Initially, iloko o 1949, operating from the inner city campus of Sydney Technical College, it immediately began to expand on its present eastern suburb site at Kensington, where a major and continuing building program was pursued. Central to the University’s first twenty years was the dynamic authoritarian management of the first Vice-Chancellor, Sir Philip Baxter (1955 - 1969, and previously, Luna ho'okele, 1953 - 1955). His visionary but at times controversial energies, built the university from nothing to 15,000 nā haumāna i loko o 1968, pioneering both established and new scientific and technological disciplines against an external background of traditionalist criticism. A growing staff, recruited both locally and overseas, conducted research which established a wide international reputation.

The new University soon had Colleges at Newcastle (1951) and Wollongong (1961) which eventually became independent universities. The Australian Defence Force Academy in Canberra became, and remains, a University College in 1981.

i 1958 the University name was changed to the University of New South Wales, a ma 1960 it broadened its scholarly, student base and character with the establishment of a Faculty of Arts, soon to be followed, iloko o 1960 by Medicine, then in 1971 by Law.

By Baxter’s retirement in 1969, the University had made a unique and enterprising Australian mark. The new Vice-Chancellor, Sir Rupert Myers, (1969-1981) brought consolidation and an urbane management style to a period of expanding student numbers, demand for change in University style, and challenges of student unrest. Easy with, and accessible to students, Myers’ management ensured academic business as usual through tumultuous University times.

The 1980s saw a University in the top group of Australian universities. Its Vice-Chancellor of the period, Professor Michael Birt (1981-1992), applied his liberal cultivation to the task of coping with increasing inroads, into the whole Australian university system, of Federal bureaucracy and unsympathetic and increasingly parsimonious governments. His task mixed strategies for financial survival with meeting the demands of a student influx which took the University into being one of the largest in Australia, as well as being, in many fields, the most innovative and diverse.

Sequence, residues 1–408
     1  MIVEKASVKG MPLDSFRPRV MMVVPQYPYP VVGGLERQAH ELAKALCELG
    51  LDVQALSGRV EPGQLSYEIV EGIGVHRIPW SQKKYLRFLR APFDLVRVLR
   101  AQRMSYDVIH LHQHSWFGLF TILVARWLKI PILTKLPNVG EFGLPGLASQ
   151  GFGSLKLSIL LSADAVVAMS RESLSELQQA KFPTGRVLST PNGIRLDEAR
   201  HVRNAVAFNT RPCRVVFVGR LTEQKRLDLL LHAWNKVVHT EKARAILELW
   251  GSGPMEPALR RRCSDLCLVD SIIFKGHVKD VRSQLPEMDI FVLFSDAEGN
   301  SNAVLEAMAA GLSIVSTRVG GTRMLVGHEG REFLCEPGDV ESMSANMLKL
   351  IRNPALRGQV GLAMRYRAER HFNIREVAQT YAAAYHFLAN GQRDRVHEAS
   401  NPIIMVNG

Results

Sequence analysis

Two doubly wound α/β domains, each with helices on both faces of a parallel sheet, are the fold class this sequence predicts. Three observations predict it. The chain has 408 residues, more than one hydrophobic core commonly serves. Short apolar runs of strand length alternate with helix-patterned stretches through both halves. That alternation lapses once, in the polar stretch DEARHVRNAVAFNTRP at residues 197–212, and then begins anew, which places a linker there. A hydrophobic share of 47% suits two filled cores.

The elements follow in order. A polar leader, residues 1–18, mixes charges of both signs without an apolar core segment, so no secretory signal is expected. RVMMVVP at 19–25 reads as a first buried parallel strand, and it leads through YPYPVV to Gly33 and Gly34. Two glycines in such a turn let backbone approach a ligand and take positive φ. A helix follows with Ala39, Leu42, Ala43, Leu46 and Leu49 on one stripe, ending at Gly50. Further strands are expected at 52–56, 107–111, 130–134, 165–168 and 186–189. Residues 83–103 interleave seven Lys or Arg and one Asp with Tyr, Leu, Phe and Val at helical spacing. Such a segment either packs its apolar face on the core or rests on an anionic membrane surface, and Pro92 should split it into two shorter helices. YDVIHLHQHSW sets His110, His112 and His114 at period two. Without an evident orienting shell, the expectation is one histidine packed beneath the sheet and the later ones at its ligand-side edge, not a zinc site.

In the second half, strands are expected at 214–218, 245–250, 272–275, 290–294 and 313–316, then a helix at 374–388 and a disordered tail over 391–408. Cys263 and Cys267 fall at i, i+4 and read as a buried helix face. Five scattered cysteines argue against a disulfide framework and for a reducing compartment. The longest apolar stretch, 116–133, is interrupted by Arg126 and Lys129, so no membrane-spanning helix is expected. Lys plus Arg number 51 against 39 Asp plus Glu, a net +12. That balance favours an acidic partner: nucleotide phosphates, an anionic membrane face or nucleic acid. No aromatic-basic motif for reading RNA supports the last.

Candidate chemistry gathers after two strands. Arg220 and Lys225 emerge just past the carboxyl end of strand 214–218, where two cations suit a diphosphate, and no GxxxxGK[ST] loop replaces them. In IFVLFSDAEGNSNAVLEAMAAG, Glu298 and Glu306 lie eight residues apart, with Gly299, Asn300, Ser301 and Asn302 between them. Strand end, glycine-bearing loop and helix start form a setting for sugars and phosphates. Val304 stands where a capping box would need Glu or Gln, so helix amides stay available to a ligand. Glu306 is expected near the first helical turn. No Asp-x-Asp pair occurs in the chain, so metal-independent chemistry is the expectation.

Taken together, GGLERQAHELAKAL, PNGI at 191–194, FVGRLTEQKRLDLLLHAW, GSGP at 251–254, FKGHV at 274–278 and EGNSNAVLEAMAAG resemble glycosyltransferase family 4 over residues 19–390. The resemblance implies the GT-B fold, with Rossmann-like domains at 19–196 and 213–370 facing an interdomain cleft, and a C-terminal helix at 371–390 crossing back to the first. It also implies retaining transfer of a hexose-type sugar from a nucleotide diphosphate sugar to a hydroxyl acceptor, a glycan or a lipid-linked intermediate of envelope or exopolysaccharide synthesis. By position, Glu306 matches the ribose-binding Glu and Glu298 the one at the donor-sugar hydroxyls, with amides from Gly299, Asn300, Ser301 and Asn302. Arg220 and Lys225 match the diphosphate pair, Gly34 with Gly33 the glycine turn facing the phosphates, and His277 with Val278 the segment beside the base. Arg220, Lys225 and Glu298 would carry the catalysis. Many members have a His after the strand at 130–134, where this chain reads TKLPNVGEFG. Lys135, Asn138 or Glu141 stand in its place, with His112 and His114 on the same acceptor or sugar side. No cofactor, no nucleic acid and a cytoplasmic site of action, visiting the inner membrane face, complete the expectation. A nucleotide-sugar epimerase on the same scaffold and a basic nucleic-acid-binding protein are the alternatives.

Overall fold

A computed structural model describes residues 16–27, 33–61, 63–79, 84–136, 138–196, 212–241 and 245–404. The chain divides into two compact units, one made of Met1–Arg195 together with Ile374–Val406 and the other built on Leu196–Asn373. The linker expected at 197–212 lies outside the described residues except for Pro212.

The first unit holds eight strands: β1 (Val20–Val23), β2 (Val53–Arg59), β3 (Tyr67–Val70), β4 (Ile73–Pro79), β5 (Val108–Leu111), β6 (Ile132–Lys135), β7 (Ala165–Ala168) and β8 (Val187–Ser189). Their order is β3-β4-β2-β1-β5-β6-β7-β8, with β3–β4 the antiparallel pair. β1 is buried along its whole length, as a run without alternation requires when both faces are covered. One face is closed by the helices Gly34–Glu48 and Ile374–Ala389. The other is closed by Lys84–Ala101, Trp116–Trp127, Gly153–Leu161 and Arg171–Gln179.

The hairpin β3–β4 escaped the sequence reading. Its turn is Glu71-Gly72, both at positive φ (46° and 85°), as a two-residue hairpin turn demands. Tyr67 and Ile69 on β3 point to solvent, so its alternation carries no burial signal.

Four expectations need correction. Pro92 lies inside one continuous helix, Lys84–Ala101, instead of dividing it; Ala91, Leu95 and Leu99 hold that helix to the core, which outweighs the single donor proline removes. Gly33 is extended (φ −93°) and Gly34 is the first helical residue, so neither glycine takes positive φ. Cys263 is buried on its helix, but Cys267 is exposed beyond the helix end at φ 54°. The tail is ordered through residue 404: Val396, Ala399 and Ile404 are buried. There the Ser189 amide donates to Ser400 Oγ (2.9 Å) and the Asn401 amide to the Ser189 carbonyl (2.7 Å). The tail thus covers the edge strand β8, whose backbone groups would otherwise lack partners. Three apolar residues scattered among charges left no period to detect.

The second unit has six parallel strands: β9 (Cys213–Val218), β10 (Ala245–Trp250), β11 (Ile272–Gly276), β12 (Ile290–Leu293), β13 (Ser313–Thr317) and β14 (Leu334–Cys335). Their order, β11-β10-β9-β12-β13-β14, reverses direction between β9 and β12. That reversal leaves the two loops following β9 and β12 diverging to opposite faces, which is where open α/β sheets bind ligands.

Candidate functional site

mai ka 1951 the University had welcomed international students, a ma 2000, of a student population of 31,000, e pili ana i 6000 he lahui nā haumāna, most from Asia. Annual graduation ceremonies are held in Hong Kong, Singapore and Kuala Lumpur.

The stabilising techniques of the 1980s provided a firm base for the energetic corporatism and campus enhancements pursued by the previous Vice-Chancellor, Professor John Niland (1992 – 2002). The 1990s saw the addition of a Fine Arts dimension to the University and further development of the public and community outreach which had characterised the University from its beginnings. i keia, private sources contribute 45% of its annual funding.

After fifty years of dynamic growth the University tradition is one of sustained innovation, a blend of scholarship and practical realism. Its tone is lively and informal, its atmosphere exciting and happy. It offers the widest range of Faculties, its initial emphasis on science and technology now sharing excellence with disciplines as various as Arts, Nice Arts, the Built Environment, kalepa, Law, Life Sciences, Medicine, Management – that whole world of knowledge whose investigation and communication was its initial stimulus.